Jason Jackson, Massachusetts Institute of Technology (MIT)
This paper traces how the emergence of a relatively cohesive Indian economic nationalism organized around imperial resistance and economic drain theory in the late nineteenth century and culminating in the swadeshi movement and boycotts of British manufactured goods began to fracture in the early to mid-twentieth century. This contestation over the moral basis of markets and the substantive content of Indian economic nationalism was informed by competing economic theories and conceptions of technology and is crucial for understanding the policy direction of the soon-to-be independent India. The paper proceeds by identifying critical historical antecedents of post-independence policymaking in late colonial development debates as two new sets of nationalist beliefs emerged to challenge the imperial development orthodoxy: Mohandas Gandhi’s moral philosophy and Jawaharlal Nehru’s scientific socialism. The analysis highlights the crucial importance of competing cultural frames in the battle of economic ideas, a dimension that is often downplayed or ignored in literatures on the role of ideas across different strands of the new institutionalisms.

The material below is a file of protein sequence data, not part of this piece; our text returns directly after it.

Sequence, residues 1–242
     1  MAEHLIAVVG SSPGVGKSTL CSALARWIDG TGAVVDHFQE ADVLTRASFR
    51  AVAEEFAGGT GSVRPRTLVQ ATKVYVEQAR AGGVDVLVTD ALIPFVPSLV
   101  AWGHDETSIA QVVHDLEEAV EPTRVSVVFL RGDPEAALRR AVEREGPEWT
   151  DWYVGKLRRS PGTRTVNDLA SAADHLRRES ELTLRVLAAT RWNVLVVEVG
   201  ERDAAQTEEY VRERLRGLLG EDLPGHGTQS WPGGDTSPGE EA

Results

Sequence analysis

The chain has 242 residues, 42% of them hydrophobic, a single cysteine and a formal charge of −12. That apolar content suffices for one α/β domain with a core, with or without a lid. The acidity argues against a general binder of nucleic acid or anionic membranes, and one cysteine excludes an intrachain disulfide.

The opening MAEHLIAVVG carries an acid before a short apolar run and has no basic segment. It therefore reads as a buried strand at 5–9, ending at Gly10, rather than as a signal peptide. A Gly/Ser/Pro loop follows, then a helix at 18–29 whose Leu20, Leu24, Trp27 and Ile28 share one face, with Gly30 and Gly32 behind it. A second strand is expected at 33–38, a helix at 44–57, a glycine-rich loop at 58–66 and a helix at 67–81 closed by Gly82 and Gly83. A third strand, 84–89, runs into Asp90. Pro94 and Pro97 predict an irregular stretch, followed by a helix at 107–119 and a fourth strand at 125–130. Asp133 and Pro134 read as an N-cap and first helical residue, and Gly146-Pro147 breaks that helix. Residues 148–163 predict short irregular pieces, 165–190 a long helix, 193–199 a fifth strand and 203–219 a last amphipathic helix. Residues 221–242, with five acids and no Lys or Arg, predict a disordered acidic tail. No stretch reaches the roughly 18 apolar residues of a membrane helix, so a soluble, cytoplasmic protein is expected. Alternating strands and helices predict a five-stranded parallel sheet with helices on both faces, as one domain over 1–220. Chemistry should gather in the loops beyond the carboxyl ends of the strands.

No extended abstract or paper available
Presented in Session 59. Data Intensive Approaches to Civil Society and Economic Concepts